“When they moved that camera, I couldn’t see who they were. So had I opened the door and there was a weapon in my hand then it would’ve been a confrontation between me and the officers,” Prouse told KAKE.
“I’ve never had a complaint on me, nobody in my family that I know of. So, I don’t understand where that come from,” Prouse said.
Wichita police told Prouse that the officer feared an ambush and that is why he tampered with the home security device.
The police chief feeds this apparent paranoia by letting his officers do whatever they want in the name of their own safety while disregarding the safety of those they are supposed to be protecting.
“When an officer can articulate safety concerns, I am supportive of their decision,” WPD Chief Gordon Ramsay said.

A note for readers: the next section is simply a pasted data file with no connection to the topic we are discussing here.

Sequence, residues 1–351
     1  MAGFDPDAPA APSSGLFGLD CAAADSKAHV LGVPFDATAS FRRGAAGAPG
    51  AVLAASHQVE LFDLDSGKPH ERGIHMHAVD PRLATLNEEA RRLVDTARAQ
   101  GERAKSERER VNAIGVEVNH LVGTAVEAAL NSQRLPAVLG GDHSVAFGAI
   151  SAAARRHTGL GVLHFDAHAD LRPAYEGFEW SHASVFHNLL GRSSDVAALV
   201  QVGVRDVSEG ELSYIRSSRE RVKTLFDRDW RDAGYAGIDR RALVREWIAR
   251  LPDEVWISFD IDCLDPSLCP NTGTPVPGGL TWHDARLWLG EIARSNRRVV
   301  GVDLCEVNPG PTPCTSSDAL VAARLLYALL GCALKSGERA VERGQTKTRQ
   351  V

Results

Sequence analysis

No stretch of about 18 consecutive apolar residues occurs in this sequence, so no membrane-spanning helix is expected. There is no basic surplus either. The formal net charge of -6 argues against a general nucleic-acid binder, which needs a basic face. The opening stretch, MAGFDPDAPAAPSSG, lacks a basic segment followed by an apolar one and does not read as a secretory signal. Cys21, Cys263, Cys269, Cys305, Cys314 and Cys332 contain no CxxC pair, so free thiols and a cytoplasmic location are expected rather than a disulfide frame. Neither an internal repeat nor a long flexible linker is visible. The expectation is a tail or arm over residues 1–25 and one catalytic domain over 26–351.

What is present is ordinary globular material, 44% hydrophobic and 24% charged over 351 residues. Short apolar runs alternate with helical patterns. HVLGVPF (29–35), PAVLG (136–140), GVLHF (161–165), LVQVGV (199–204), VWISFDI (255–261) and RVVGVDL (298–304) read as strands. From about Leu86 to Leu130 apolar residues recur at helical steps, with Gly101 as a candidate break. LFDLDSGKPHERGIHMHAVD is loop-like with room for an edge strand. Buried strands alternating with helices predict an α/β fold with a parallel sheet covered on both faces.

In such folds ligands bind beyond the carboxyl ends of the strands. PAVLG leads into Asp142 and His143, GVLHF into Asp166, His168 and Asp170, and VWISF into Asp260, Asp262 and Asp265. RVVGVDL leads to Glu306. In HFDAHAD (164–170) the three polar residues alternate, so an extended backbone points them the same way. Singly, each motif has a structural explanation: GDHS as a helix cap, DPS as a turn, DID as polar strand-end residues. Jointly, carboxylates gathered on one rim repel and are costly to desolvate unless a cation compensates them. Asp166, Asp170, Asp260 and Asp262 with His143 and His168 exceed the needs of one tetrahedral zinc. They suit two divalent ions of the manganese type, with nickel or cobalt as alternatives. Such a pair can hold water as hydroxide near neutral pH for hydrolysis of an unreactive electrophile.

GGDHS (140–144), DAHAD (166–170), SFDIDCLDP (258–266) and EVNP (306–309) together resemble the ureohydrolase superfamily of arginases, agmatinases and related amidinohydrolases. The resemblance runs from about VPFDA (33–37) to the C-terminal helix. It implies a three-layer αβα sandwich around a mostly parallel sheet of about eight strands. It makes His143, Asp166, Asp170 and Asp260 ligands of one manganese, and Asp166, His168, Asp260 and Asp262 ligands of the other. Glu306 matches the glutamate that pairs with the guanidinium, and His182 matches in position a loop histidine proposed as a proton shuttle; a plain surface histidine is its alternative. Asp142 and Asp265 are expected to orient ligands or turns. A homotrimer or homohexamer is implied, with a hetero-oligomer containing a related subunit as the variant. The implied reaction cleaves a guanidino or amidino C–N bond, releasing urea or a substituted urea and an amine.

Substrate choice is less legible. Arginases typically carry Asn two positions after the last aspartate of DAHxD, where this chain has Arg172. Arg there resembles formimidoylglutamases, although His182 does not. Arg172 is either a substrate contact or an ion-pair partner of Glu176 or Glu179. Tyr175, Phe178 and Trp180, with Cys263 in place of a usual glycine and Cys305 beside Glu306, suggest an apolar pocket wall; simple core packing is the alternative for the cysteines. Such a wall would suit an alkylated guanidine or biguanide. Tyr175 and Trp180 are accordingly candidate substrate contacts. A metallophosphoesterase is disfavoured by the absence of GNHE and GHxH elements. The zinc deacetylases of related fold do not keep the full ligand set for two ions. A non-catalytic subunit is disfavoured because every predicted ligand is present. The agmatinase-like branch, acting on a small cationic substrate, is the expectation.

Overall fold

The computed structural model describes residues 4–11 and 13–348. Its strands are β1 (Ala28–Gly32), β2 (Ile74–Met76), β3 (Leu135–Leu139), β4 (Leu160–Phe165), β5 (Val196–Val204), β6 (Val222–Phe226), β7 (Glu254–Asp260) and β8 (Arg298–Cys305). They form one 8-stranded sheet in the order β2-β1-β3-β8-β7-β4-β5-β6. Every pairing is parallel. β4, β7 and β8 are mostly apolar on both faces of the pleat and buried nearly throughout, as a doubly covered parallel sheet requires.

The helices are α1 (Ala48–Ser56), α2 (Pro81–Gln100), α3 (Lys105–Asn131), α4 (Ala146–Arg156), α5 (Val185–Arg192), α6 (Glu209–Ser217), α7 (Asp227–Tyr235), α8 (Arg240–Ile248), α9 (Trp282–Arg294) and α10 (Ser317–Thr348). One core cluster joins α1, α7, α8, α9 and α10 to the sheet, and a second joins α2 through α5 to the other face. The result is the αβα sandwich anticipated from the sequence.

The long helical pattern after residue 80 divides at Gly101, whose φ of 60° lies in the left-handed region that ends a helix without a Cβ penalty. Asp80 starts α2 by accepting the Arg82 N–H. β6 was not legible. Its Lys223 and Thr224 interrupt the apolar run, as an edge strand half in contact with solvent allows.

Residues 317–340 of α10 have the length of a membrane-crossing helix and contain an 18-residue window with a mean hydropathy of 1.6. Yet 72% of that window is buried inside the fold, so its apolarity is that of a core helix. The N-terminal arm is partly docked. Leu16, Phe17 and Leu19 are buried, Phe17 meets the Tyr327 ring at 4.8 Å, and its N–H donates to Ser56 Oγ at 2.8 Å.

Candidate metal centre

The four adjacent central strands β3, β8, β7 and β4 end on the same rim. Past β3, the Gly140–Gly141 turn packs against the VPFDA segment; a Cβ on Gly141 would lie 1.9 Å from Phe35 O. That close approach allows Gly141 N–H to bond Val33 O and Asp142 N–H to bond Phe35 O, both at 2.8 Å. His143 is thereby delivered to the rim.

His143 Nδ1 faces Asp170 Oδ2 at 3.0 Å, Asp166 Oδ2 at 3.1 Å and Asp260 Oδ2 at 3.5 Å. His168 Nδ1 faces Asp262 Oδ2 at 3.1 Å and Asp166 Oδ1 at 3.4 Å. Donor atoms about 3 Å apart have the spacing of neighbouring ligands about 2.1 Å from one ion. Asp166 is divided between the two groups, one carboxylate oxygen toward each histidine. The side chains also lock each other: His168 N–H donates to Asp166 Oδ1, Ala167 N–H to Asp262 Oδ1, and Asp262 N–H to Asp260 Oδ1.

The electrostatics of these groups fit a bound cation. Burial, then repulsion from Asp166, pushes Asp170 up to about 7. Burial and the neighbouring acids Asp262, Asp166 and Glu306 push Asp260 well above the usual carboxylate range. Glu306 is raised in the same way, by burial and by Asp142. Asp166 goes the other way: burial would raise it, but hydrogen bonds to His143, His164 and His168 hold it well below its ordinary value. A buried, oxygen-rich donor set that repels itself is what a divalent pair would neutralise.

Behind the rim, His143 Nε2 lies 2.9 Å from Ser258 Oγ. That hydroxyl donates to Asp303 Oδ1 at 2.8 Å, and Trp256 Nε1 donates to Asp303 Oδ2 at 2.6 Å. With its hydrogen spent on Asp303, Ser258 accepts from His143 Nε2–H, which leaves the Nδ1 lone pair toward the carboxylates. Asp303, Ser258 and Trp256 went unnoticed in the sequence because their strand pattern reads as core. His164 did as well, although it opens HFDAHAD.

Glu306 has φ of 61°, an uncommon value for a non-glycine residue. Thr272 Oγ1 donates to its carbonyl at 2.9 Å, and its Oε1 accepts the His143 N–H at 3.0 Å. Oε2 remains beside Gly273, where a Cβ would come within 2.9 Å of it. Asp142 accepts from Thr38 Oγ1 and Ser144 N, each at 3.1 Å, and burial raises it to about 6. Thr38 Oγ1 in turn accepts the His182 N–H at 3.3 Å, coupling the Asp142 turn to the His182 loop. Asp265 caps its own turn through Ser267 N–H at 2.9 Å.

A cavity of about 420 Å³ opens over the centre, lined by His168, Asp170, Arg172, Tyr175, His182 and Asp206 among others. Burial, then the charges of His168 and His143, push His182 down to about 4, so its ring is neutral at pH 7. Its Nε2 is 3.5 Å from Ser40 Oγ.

Prouse is not happy with that excuse. “That’s my security. That’s what helps me sleep at night, and if you take that away from me like they did then it’s a fearful world,” he said. “If I can’t feel safe in my own home then where are you going to feel safe at?”
Criminal defense attorney Charles O’Hara says the officer was wrong to tamper with the home security camera.
“For an officer to think that it’s okay for him to turn the camera away or hide the camera I think it’s inexcusable,” O’Hara said. “I think most policeman would not turn a camera, and I’m surprised that that happened.”
Police say they were at the residence looking for Brandon Prouse after receiving an anonymous tip about a domestic disturbance.
A police spokesman said the department is investigating the incident and body camera video may provide more information.